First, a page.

More than 25 million people in the tropics depend on coffee, a crop that is the economic backbone of many countries and the world's second most traded commodity after oil. Coffee is farmed on about 30 million acres (12 million hectares ) worldwide, an area larger than Portugal and nearly the size of England. Most of the farms are in areas regarded as high priorities for conservation.
In 1993, the Rainforest Alliance and its partner groups in the Sustainable Agriculture Network (SAN) demonstrated that traditional, forested coffee farms are havens for wildlife. Now, coffee lovers everywhere can support farmers who maintain these rainforest refuges simply by buying beans stamped with the Rainforest Alliance Certified™ seal of approval.
Like any kind of farming, growing coffee is risky business. Coffee farmers face difficult challenges: oversupply and low prices, inclement weather, pests and diseases, rising costs and sometimes unhelpful government policies.
For more than 150 years, coffee had been widely grown under the leafy canopy of native rainforest trees. In the 1970s, agronomists began promoting a new farm system in which the sheltering forests are cleared and coffee bushes are packed in dense hedgerows and doused with agrochemicals. These monoculture farms produce more beans, but at a tremendous environmental cost. A traditional agroforestry system provides good wildlife habitat. The new monocultures have little habitat, accelerate soil erosion and pollute streams. The new methodologies were not only environmentally destructive, but put more beans into an already overstocked market and converted coffee farms from self-sustaining sanctuaries into stark and lifeless monocultures. Wildlife disappeared, soils washed downhill and streams were choked with silt and agrochemicals.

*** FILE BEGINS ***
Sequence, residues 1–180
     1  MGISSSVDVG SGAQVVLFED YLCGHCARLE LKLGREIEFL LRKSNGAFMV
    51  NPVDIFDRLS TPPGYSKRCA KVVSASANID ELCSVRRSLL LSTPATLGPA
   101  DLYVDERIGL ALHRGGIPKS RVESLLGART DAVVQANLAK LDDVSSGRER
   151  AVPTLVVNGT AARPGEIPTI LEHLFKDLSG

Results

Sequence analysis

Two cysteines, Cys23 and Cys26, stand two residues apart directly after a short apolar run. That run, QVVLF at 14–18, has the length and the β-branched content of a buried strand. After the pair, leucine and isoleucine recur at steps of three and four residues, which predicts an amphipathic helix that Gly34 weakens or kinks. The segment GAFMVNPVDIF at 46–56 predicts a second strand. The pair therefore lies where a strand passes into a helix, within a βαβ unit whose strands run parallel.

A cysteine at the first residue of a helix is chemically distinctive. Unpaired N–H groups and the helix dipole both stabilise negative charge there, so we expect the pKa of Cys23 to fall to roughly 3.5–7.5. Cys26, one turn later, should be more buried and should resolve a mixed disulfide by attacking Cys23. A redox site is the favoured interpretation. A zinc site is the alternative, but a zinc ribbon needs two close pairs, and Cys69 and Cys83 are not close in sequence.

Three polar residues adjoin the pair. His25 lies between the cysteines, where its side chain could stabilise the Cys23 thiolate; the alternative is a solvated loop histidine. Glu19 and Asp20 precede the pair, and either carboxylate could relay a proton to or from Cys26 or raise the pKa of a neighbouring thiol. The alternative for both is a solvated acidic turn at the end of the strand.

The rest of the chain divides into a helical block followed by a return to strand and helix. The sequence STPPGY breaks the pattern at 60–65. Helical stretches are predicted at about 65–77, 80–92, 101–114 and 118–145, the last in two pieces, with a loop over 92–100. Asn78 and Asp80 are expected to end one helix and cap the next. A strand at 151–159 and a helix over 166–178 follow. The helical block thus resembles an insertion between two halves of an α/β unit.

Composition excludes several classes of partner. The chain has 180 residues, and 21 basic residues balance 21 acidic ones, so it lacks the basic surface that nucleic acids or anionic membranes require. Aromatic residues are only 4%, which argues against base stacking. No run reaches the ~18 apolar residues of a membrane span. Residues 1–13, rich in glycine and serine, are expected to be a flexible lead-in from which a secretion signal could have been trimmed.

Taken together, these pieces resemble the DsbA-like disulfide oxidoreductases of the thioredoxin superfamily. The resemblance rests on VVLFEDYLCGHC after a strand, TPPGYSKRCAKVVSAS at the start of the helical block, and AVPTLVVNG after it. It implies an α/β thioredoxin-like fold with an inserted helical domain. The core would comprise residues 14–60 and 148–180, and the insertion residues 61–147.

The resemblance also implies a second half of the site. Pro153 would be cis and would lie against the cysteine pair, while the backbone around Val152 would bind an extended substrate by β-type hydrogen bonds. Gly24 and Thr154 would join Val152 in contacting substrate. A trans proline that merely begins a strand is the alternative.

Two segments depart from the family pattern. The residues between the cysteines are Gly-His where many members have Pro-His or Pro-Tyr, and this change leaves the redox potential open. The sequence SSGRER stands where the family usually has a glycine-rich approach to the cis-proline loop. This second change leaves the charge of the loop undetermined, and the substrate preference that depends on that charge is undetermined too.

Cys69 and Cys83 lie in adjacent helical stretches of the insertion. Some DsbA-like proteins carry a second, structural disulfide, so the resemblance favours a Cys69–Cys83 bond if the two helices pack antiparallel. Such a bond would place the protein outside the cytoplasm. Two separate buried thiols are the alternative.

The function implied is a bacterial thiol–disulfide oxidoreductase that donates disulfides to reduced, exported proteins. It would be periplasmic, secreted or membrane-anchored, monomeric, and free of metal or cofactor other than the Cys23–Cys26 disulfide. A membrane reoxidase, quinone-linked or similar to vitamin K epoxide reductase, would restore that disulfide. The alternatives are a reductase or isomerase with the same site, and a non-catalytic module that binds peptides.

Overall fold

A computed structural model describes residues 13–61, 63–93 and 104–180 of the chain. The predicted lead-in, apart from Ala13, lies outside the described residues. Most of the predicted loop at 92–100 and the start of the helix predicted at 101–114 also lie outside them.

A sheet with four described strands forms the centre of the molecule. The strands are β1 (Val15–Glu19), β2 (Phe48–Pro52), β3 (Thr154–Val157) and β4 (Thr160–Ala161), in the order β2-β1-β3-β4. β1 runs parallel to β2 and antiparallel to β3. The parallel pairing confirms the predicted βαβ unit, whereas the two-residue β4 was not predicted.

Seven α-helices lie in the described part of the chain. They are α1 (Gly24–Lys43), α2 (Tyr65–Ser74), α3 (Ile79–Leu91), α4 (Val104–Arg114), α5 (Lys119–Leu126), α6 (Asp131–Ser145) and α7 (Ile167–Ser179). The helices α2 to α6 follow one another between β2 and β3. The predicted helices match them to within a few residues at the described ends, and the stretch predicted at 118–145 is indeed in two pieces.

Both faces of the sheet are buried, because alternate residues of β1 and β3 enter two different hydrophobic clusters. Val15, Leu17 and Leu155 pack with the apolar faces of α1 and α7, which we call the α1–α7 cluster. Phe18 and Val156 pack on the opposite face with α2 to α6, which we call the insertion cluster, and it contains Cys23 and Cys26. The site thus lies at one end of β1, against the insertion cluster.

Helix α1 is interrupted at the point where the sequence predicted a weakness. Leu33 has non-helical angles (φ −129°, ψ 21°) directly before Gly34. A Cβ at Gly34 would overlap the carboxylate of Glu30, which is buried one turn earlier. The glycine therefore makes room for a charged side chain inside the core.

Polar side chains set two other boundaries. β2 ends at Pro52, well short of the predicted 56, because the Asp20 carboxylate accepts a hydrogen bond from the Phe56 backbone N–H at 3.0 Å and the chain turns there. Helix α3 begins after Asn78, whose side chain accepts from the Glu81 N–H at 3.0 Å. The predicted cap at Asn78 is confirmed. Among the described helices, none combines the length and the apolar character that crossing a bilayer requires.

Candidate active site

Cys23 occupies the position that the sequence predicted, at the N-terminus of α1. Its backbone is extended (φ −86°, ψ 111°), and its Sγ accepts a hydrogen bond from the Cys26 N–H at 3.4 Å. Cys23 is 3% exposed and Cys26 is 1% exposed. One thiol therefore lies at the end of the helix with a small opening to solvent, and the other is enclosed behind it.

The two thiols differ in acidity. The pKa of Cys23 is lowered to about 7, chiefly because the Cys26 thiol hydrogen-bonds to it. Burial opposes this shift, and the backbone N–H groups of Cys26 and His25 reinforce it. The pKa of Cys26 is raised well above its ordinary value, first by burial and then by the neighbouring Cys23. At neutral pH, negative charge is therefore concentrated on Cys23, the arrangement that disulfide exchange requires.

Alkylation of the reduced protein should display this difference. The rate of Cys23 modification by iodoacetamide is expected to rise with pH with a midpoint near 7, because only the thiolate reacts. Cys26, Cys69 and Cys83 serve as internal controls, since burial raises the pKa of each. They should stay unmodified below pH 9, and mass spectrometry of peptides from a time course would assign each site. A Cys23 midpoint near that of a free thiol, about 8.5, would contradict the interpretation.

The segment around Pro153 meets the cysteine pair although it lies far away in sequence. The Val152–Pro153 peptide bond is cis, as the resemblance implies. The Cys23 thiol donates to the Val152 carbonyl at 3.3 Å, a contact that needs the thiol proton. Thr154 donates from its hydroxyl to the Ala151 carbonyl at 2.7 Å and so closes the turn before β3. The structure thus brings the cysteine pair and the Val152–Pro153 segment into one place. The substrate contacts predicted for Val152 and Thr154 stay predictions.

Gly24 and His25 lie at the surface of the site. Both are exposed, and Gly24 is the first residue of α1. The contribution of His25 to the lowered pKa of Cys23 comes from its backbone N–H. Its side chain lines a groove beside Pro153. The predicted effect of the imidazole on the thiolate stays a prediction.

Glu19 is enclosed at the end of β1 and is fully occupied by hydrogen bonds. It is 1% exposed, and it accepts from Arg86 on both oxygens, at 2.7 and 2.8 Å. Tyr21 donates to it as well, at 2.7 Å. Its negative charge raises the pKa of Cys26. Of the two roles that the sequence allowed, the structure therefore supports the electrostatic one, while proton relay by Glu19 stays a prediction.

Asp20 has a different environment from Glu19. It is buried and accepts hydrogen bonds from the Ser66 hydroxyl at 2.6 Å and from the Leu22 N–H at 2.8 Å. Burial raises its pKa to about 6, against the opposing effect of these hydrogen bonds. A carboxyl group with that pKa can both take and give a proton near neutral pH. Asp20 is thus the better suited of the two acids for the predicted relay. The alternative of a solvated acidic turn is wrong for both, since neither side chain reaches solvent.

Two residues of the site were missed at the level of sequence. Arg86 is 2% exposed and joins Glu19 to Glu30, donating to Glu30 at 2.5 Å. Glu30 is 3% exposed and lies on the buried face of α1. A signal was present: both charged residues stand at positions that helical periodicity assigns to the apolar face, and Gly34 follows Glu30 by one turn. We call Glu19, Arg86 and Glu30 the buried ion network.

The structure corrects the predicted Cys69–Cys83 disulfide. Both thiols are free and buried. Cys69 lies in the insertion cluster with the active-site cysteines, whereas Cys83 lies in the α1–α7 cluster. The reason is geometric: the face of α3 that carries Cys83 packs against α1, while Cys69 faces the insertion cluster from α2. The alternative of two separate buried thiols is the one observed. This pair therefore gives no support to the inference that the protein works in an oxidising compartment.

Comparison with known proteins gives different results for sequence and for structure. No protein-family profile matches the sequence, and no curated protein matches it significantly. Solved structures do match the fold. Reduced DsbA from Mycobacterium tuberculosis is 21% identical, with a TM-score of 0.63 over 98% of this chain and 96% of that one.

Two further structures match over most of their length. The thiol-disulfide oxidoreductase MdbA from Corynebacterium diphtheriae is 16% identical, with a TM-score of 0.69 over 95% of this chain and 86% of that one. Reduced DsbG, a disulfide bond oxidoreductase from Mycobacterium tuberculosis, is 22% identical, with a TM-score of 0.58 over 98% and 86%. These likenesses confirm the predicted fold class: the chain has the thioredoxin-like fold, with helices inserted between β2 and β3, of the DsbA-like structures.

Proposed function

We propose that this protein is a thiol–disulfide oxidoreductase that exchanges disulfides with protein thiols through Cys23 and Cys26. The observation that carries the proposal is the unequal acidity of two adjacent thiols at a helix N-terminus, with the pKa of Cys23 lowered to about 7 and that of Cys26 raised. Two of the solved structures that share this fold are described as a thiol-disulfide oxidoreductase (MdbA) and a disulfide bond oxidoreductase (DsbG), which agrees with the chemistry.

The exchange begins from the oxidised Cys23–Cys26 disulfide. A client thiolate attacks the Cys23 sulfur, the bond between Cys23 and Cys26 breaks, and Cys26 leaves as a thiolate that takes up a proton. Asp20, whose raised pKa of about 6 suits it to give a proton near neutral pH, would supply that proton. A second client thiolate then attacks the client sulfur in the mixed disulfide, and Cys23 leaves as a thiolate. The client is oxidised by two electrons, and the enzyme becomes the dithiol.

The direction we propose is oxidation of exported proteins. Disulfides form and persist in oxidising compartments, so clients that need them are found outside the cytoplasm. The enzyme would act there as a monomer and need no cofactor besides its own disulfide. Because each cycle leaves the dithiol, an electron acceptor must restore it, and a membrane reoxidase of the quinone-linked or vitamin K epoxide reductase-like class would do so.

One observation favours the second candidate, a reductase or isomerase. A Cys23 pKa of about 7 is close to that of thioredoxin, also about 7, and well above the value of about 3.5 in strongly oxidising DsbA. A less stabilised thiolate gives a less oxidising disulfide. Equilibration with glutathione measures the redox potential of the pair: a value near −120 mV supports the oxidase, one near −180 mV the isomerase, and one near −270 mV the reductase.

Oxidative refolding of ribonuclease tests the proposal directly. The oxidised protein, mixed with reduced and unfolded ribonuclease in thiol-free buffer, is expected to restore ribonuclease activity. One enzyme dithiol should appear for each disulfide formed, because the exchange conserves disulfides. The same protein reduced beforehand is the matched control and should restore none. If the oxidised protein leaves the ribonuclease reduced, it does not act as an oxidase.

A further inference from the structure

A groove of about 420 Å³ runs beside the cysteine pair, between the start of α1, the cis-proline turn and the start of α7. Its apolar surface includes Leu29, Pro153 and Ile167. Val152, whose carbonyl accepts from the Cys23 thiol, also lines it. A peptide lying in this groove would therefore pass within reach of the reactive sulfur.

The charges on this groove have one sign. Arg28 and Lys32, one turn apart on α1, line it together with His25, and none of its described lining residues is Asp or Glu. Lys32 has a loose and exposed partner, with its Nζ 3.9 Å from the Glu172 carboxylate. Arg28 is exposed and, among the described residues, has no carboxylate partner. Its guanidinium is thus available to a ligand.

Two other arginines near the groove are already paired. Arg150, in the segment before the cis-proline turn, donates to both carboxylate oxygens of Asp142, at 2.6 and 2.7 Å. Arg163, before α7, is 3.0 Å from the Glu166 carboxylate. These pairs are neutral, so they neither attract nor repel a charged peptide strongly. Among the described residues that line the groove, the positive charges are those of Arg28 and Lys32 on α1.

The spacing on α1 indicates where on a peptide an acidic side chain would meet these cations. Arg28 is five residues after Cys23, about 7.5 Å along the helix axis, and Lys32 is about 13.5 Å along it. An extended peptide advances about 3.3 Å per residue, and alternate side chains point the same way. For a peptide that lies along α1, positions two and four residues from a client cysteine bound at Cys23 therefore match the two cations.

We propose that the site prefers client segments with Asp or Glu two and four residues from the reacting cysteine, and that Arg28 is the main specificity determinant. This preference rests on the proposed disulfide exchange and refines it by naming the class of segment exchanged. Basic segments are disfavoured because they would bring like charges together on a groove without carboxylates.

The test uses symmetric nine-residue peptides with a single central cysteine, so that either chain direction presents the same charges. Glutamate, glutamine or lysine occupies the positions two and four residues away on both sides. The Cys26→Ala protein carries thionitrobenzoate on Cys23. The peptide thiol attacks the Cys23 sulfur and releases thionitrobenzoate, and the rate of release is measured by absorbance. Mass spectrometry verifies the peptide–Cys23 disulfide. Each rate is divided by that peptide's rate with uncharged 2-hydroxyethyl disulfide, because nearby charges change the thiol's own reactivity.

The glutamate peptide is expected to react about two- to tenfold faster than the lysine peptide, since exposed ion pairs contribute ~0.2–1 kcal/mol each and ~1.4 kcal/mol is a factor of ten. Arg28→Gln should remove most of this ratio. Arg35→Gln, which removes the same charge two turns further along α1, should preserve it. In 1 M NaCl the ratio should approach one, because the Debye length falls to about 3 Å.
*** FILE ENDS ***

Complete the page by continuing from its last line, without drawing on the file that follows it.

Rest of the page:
Rainforest Alliance certification helps farmers bear the erratic swings in the global market by giving them the keys to improved farm management, negotiating leverage and access to premium markets. By implementing the SAN sustainable farm-management system, farmers can control costs, gain efficiencies and improve crop quality.
The biodiversity on well-managed coffee farms can be awesome. One certified cooperative in El Salvador contains more than 100 tree species. SAN biologists have spotted dozens of species of rare birds, wild cats such as ocelots, postcard-size butterflies, Technicolor frogs, seldom-seen orchids, monkeys and (once) a giant anteater. Forested coffee farms are critically important as migration stopovers for birds traveling from as far away as Canada and Alaska. In areas where deforestation is rampant, these coffee farms may be the only habitat available to provide shelter and food for wary birds. Certification is one way to guarantee that coffee farms maintain wildlife habitat and other environmental benefits, while protecting the livelihoods of coffee farmers.